getting to net zero innovation

How does net zero innovation occur?

Innovation is often fraught with risk and unpredictability. While one simple theory about innovation is that it is all a matter of luck and that technology for example was discovered—and, perhaps, developed—mainly ‘by accident’ (for example, Post‐its, Viagra and Aspartame are well known examples of amazingly successful products which emerged ‘accidentally’ from research), innovation is most often a result of the deliberate attempt to solve a problem faced by a consumer or satisfy a need.  

According to the founding father of innovation theory, Josef Schumpeter, a distinction exists between an invention i.e. a novel idea for how to do things and innovation i.e. carrying it out into practice. A main reason for Schumpeter’s distinction was the realization that what matters economically and societally is not the idea itself but its exploitation in the economic and social system. If we would therefore like to maximize the contribution of innovation to economic and social change, then we should not only focus on what explains the occurrence of a novelty, rather we should gain a thorough understanding of its adoption and subsequent exploitation.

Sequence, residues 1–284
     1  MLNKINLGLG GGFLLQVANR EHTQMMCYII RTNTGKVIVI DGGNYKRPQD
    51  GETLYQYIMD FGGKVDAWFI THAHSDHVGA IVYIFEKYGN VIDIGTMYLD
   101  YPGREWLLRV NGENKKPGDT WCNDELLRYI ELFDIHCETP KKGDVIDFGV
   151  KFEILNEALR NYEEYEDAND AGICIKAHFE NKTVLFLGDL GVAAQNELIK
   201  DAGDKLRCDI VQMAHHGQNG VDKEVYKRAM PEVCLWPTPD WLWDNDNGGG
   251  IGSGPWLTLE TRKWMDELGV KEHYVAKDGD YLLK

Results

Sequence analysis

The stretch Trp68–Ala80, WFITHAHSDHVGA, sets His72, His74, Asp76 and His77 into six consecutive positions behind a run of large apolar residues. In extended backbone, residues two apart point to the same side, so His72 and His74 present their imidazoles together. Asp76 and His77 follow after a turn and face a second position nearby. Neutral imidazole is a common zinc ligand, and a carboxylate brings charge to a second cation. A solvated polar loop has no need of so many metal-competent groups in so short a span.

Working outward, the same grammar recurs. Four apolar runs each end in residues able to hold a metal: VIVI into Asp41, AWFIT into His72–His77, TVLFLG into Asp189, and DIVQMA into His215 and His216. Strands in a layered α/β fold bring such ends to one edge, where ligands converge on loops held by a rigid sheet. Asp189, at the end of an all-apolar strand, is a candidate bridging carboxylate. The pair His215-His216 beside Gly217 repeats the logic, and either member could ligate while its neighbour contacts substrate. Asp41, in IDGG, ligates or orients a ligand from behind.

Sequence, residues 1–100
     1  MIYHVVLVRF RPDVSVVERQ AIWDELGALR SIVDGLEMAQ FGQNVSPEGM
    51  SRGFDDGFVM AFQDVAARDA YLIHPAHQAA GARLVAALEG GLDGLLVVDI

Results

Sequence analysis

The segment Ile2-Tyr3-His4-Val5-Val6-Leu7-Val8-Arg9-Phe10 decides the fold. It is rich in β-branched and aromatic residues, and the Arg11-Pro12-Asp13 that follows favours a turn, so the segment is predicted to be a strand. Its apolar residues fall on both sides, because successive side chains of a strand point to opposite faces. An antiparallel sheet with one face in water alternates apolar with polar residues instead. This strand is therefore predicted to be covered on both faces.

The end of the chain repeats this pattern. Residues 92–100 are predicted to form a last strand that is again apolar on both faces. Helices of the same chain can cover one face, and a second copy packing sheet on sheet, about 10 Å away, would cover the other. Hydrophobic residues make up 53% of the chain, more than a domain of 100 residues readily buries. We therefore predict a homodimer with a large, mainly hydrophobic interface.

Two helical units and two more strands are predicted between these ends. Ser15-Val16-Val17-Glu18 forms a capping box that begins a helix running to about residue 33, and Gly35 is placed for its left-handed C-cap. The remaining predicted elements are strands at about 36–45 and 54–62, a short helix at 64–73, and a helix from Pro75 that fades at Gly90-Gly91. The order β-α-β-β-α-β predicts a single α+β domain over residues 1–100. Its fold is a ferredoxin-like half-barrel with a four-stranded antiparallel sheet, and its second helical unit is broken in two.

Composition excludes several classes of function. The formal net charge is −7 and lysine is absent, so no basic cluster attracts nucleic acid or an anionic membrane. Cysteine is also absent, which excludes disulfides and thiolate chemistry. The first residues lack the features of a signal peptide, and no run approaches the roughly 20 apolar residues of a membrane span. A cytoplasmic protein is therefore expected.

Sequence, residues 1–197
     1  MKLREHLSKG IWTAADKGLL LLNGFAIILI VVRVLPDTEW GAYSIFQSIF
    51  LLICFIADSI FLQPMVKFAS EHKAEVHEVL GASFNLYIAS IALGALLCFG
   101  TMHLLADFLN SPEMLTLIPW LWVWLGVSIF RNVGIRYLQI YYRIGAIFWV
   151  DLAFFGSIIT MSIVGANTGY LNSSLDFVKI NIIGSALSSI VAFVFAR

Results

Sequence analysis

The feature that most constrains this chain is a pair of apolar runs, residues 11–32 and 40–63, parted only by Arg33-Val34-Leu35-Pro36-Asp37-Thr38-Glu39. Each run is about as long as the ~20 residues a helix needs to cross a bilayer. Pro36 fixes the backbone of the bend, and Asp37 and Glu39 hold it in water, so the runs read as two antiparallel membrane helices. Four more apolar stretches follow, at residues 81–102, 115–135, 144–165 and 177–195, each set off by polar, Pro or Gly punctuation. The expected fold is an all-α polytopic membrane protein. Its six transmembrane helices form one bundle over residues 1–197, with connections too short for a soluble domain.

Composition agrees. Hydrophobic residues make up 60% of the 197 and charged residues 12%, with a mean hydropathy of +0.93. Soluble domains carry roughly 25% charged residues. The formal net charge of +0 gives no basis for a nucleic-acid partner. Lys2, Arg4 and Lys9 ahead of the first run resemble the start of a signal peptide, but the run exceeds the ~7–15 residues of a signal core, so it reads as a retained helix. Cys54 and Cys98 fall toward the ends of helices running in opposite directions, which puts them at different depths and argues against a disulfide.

Innovation can also be both incremental and disruptive. While many of the innovations which are developed to serve existing markets are in the nature of product extensions or process innovations, radical or disruptive innovations create new markets, they serve needs that have not yet been served by any good or service, or they meet existing needs in radically new ways. 

The development and commercialisation of products, services and business models that help society reduce emissions, can contribute to the transition to Net Zero. As such, there will be a need to create novel consumer offerings, new business models, and most importantly, new policy, regulation and market design.  


a distinction exists between an invention i.e. a novel idea for how to do things and innovation i.e. carrying it out into practice

ggr removal technologies

There are various types of Greenhouse Gas Removal (GGR) technologies which recapture already emitted greenhouse gases from the atmosphere and ocean.

Nature-based Solutions

Nature-based Solutions (NbS) involve working with and enhancing nature to achieve multiple benefits for people, including removing CO2 from the air, and aiding adaptation  to climate change.

Equity AND Inclusion

Pathways to achieving global net zero emissions must be framed by questions of equity and justice. A just transition to a net zero future needs to be inclusive of a range of actors as well as a range of views, including those relating climate justice.

Green Recovery and Resilience

A green recovery from COVID-19 could accelerate GDP growth in the immediate future, establish new industries and jobs for the coming decade, and deliver a sustainable climate for the next century.